After these five steps are finished, the Assistant software goes to work formatting the drives, building your array and applying your network settings.
Inside a Synology NAS - Getting Started
Once inside you're introduced to what looks like a desktop. This desktop for your NAS is easy to navigate with just a few icons.
The first time you log into your Synology NAS a new window opens within the NAS desktop and briefly shows you what the icons on the desktop lead to.
As a NAS reviewer, I've seen just about every setting and check box before but for many setting up a NAS can be intimidating.
Getting Started with Advanced Settings
Here we find ourselves back at the Synology Desktop. On the left side we see a handful of icons. Above the icons we have another icon that is useful and opens up another list of icons.
The upper icon isn't named in the NAS, but it open up an entire page of new icons.
The Control Panel icon opens the door to all of the advanced settings if you want to use these features.
Your Synology NAS comes setup right out of the box to work with most home networks.
There are several settings, but Synology includes an easy to follow and more importantly, an easily searchable Help Menu that explains in detail what each and every setting does.
The easy to follow Help File makes setting up advanced tasks very easy. Within a few minutes you can configure a VPN to your office or make use of iSCSI in your SOHO setting.
For home users, tasks like building a central media hub for media files is equally as easy to configure.
Out of the box several modules are installed and running. You can easily turn these off if you don't need them.
Many other modules are available and you can install them right from the NAS without searching for download files on websites, searching through forums on how to install them and such. It really doesn't get any easier than clicking the Install tab.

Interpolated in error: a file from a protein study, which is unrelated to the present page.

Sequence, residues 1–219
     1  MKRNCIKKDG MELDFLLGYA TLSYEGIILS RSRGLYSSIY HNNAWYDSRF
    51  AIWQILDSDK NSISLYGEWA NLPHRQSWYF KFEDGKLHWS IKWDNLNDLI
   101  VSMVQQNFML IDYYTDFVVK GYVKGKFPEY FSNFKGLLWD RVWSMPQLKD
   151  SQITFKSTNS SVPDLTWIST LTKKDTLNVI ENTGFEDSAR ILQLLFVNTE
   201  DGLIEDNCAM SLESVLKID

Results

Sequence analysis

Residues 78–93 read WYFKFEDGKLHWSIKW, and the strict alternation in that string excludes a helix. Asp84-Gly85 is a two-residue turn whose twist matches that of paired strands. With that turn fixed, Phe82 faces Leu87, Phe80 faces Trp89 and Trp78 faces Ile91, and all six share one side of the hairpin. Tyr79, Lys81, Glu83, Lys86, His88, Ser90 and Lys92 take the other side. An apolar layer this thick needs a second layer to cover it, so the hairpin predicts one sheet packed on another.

Setting Up Disk Arrays
Truth be told, most users aren't going to use their NAS too far beyond the actual NAS part, holding data. Synology sells systems with and without drives. Systems sold with drives come preconfigured in what Synology calls SHR or Synology Hybrid RAID. Essentially this is RAID 5, but easier to upgrade to larger drives when needed.
Systems sold without drives will need to be configured. During the initial setup procedure users are presented the option of checking a box for SHR. If you want to use RAID 6 or another array type you need to configure that in the Storage Manager area.
Once you are past the regular disk setup portion you can take the next step and start configuring iSCSI. I've yet to hear of a home user setting up iSCSI targets, but in small offices on up, iSCSI is almost necessity these days.
Synology makes the iSCSI easy for users.
Files, Backup and Resource Monitor
Within the NAS you can see the folder and file structure on the content on the NAS. This includes folders you've hidden from the public.
The file structure makes setting up more advanced features easier. Here we see the backup and restore section of the software.